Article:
For the first time in nearly a year, area high school sports competition is officially back. The San Benito High cross country team is set to become one of the first prep sports programs from either San Benito or Santa Clara County to return to official competition when it has a dual meet against host Carmel High on Thursday at 4 p.m.
The coronavirus pandemic shelved sports in March 2020, cancelling all the spring athletics and delaying the fall and winter sports seasons. Some of those sports may not return until the 2021-2022 school year; however, among the Season 1 sports, cross country had already gotten the go-ahead to move forward even before the California Department of Public Health’s latest update on Feb. 19 which paved the way for other outdoor sports such as baseball, football, lacrosse, softball, soccer, and water polo to begin competition on Feb. 26 in any county with a case rate at or below 14 per 100,000 residents.
For Haybalers senior Mack Richards, the return to play has rejuvenated his spirits and outlook.
“Once we got the go-ahead to start official practices and that we would have a season, that is when I totally stepped it up another level,” said Richards, who along with fellow senior Anton Borges are the top two returnees in the program. “It felt so good to get out there on the track again with teammates and coaches because we need each other to improve. There is a big difference running on our own and then being surrounded by others who share a passion for running.”
In addition to the Carmel meet, San Benito hopes to finalize a home race with Palma and Notre Dame-Salinas on March 2. Even though the current climate forbids large groups from meeting together—thereby eliminating large-mass competitions like a league championship event—the Balers could come close to getting in a half-dozen or so before the season end date in early April. For Richards, that is a huge win.
“I’m just thinking how can I push myself further and get my body stronger and healthier and do my best even though it’s not going to be a regular season,” he said.
Balers coach Ralph Chavez said athletic directors are working tirelessly behind the scenes to get competitions scheduled, which is not easy given all of the extra rules and protocols they have to implement due to the pandemic.
“They’re working out the logistics because this is so new,” Chavez said. “Now they have to figure out how the students are going to social distance on the bus, what area they’re going to be able to social distance once they get to another school, all those types of procedures where you’ve never had to think of anything like that before.”
Coaches and administrators also have to make sure multiple people are not in the bathrooms simultaneously, which means there will probably have to be one person in charge of overseeing that area. In terms of getting a course set up, San Benito is ahead of the game because it already has marked a 3.0-mile River Parkway Course adjacent to the football stadium, the same site it has used in the past for its season-opening race.
“The only difference now is we can’t start the race on the track like we used to because of the (new) bypass (completed with the renovation of the athletic facilities),” Chavez said.
In addition to Carmel, Notre Dame-Salinas and Palma, Chavez said Christopher, Gilroy, Pacific Grove, York, and Trinity Christian have all expressed an interest in competing, but that doesn’t mean all of them will have courses ready for dual meets.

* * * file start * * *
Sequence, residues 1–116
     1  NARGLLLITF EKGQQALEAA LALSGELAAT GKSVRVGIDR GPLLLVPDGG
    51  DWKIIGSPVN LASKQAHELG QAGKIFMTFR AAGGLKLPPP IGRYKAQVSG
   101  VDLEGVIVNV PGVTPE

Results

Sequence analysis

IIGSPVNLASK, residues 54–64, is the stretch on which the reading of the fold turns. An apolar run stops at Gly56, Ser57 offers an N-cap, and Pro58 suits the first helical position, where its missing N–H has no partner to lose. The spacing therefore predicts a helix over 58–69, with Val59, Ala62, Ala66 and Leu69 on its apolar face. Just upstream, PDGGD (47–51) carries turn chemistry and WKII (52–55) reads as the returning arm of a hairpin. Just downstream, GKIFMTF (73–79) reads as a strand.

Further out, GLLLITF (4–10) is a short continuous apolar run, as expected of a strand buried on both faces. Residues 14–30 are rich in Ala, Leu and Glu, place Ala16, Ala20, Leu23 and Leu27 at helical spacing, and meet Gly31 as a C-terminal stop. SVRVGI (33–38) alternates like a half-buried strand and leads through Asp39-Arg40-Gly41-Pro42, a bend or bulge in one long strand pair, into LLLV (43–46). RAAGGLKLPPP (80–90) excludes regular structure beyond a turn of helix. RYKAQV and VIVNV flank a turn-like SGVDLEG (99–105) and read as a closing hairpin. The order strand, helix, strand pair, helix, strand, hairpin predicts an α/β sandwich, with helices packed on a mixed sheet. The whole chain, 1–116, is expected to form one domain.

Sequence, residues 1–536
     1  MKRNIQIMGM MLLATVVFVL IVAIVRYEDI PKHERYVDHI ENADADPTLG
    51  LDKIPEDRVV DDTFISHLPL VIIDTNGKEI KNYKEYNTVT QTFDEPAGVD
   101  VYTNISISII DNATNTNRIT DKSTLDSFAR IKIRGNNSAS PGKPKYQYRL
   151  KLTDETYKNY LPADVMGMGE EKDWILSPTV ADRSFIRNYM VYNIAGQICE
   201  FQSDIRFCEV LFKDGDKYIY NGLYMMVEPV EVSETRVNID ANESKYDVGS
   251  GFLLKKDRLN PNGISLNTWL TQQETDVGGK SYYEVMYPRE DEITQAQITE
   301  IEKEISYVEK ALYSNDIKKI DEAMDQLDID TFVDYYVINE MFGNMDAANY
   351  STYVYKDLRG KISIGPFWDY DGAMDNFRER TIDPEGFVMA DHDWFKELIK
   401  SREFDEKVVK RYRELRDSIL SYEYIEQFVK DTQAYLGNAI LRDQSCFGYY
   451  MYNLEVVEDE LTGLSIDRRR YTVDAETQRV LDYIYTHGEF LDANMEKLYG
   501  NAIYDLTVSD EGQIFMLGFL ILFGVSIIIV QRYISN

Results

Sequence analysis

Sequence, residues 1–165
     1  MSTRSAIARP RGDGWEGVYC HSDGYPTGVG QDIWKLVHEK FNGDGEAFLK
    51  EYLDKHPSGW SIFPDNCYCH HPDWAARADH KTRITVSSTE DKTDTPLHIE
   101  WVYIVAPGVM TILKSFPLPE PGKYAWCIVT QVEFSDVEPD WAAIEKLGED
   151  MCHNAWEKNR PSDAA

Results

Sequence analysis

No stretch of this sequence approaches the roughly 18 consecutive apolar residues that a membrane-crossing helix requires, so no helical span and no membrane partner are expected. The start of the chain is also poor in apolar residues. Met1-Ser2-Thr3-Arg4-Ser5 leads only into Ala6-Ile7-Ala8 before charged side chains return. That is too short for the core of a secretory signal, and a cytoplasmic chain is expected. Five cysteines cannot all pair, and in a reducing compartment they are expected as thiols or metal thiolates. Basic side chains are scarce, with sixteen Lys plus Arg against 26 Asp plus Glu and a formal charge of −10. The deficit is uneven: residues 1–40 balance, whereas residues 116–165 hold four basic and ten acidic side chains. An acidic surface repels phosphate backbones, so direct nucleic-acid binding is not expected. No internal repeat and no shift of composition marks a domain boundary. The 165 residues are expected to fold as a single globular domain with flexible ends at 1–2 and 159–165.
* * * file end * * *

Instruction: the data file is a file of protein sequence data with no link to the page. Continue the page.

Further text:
“Other schools that may not be able to get a course together may be coming here since we’re good to go,” said Chavez, who credited assistant coaches Maxine Cunningham and Tracy Bloomfeldt for being instrumental in helping to manage the San Benito program.
In a normal year, Chavez said 45 to 60 kids compete on the boys and girls teams. Not surprisingly, the number of participants on this year’s teams have dwindled to 22—12 on the boys side and 10 on the girls team.
“A lot of athletes have reached out telling me they wanted to come out, but they couldn’t because maybe their parents had some health issues or their parents not wanting them to come out simply out of safety,” Chavez said.
However, the team’s top two returners from the boys side—Richards and Borges—are both back, having finished 20th and 35th, respectively, in the 2019 PCAL Championships, the last time the season was contested. Chavez has been impressed with Richards and Borges’ work ethic and dedication.
“If we had a regular season this year, Mack would be in contention for an all-league spot,” Chavez said. “He’s been putting in some big miles in between our practice days and even when we took a break, he was still maintaining his training. And Anton has been the captain of the team for the last couple of years, and he’s the inspirational-type athlete and definitely leads by example through his work ethic.”
Sophomore Gabby Romero and freshman Kendra Melching highlight a girls team that is young but talented, according to Chavez. It consists of two juniors and the other eight are freshmen and sophomores.
“The girls team is stacked and very competitive,” he said.
Richards confirmed what many have known for a while: students are having a tough time with remote learning and not having sports competition since last March.
“It’s been kind of rough,” he said. “I really like to be around people and being engaged in the classroom, so it’s tricky trying to stay engaged with remote learning.”
Despite the less than ideal situation, Richards has maintained a 4.6 GPA, and he can finally envision toeing the starting line for an actual race against another school.
“I’m so pumped,” he said. “I’ve been working so hard for the past four years to get a chance to compete at the highest level I can. I’m ready to get going and break my records and show what I can do.”